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Locus Standis in Environment-Related Cases Research Paper

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Updated: Apr 23rd, 2022

The existence of jurisdiction by a court is an essential prerequisite to the operation of the court in any particular matter. However, it is not the only prerequisite. In addition, a party that seeks to use the court has to have a standing to do so. Standing, or locus standi, is a law jargon which means the ability of a party to show to the court that it has enough relations to and injury from the law or action challenged to hold up that party’s involvement in the case. The locus standis doctrine has three requirements which, through ages have proved controversial in tackling environmental cases. This essay explores the phenomenon of locus standis in environment-related cases.

To begin with, the plaintiff must have suffered or is bound to suffer harm, which entails an attack of a legally protected interest that is real and exclusive. A concrete and exclusive injury is one that affects the person bringing suit in a personal way. The harm cannot be speculative or hypothetical. The plaintiff ought to have actually suffered harm or is about to suffer individual harm (Rodgers, 2007). The injury sustained ought to be actual or looming, distinctive and conspicuous, not conceptual. In addition, there must be an underlying correlation between the injury and the conduct complained of, in such a manner that the injury can be traced to the challenged action of the defendant. It should not be a consequence of the independent action of a third party not before the court. The last requirement of locus standi is that, it must be probable, contrary to mere conjecture, that a fair court ruling will remedy the injury (Greve, 2001). If any of the above requirements of standing is missing, the case is dismissed.

Standing to sue has been interwoven more closely than any other question of constitution administrative law, with the emergence of the environment as a prominent political issue. Beginning in the late 1960s through the better part of the 1970s, the judiciary dramatically expanded access to the courts and essentially disconnected standing from the idea that a plaintiff must have suffered some tangible harm. Environmental issues and plaintiffs were the driving force and the main beneficiaries of this development (Smith, 2005). Congress ratified the judicial expansion of standing by authorizing any citizen to sue environmental agencies for failures to perform nondiscretionary statutory duties. Despite these initial developments, the federal courts have, in the last couple of years, decisively rejected the extension of standing to environmental and other public interest plaintiffs. They have firmly reasserted standing barriers that are connected to concrete, tangible harms. While this shit falls short of a full-fledged resurrection of common law jurisprudence, it nonetheless, implies a decisive rejection of the ecological paradigm and its normative political assumptions (Greve, 2001).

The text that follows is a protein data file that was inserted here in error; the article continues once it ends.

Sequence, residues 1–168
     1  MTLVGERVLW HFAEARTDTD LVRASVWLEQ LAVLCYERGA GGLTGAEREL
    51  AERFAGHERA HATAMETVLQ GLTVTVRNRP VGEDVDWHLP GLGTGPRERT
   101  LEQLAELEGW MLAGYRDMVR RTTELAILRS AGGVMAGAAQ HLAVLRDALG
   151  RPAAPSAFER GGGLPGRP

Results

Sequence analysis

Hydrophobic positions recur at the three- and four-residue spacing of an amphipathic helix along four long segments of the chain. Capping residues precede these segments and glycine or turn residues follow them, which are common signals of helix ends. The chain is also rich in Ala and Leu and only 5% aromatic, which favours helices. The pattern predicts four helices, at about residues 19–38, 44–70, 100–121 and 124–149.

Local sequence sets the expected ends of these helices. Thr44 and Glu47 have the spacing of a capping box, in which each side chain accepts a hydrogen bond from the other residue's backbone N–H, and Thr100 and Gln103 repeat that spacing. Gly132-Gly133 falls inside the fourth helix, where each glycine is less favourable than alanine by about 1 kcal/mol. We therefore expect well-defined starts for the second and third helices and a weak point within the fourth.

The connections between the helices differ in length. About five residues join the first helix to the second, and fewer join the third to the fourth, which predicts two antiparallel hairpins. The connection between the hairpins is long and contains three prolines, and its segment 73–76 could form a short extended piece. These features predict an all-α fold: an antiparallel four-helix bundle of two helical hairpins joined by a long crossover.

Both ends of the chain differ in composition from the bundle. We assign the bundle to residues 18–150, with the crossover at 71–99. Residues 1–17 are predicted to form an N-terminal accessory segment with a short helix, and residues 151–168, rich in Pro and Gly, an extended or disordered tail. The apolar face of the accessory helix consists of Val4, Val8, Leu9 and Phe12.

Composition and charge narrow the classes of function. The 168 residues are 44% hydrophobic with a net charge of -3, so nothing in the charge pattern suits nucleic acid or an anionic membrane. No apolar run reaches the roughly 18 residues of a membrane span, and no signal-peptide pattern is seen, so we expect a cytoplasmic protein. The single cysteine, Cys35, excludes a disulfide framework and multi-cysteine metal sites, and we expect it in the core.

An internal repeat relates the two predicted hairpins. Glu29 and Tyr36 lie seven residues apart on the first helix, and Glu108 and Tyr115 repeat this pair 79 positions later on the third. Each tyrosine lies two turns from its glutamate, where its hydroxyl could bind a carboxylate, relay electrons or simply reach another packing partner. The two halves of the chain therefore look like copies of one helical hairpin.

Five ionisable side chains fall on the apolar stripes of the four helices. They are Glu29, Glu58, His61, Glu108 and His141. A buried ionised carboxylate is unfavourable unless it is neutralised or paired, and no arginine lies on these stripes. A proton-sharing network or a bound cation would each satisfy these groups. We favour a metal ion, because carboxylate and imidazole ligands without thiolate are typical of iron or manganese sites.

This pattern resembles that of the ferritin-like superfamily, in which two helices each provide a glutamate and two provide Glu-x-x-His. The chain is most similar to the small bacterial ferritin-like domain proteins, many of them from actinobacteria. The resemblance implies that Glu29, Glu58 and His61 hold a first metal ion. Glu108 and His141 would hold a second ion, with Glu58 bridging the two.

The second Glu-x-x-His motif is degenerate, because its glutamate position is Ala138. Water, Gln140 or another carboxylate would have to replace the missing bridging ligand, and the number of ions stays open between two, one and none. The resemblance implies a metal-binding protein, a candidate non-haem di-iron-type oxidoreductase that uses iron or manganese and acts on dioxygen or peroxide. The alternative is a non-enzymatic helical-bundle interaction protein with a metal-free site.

Environmentalists believe that all things are interconnected. This results to a virtually boundless view of standing, since everything is affected by everything that happens in the ecosystem. As such, courts may not refuse to entertain complaints simply because the plaintiff is not directly affected and to no greater extent than everyone else. They should grant equal rights for standing to all individuals. The ecological paradigm here tries to leapfrog the ideas that tangible harms are a constitutive element of the legal system. I

In conclusion, the recent years have seen environmental plaintiffs lose their preferred status. This is evident in Lujan v. Wildlife Federation (1990) and in Lujan v. Defenders of Wildlife (1992). In both cases, the Supreme Court denied standing to environmental litigants. Although the decision was reached on seemingly narrow and technical grounds, both cases imply the death of the ecological paradigm. Both suggest that divorce of judicial review form common law roots and from separation of powers principles may not be irreversible (Pepper, 2003).


Greve, Michale. The demise of environmentalism in American law. New York: American Enterprise, 2001.

Lujan v. Defenders of Wildlife, 112 S. Ct.2130, 2154(1992).

Lujan v. National Wildlife Federation (89-640), 497 U.S. 871 (1990)

Pepper, David. Environmentalism: key concepts, London: Routledge, 2003.

Rodgers, William. Handbook on environmental law. St Paul: West Publishers, 2007.

Smith, Mark. Thinking through the environment: a reader. New York: Routledge: London, 2005.

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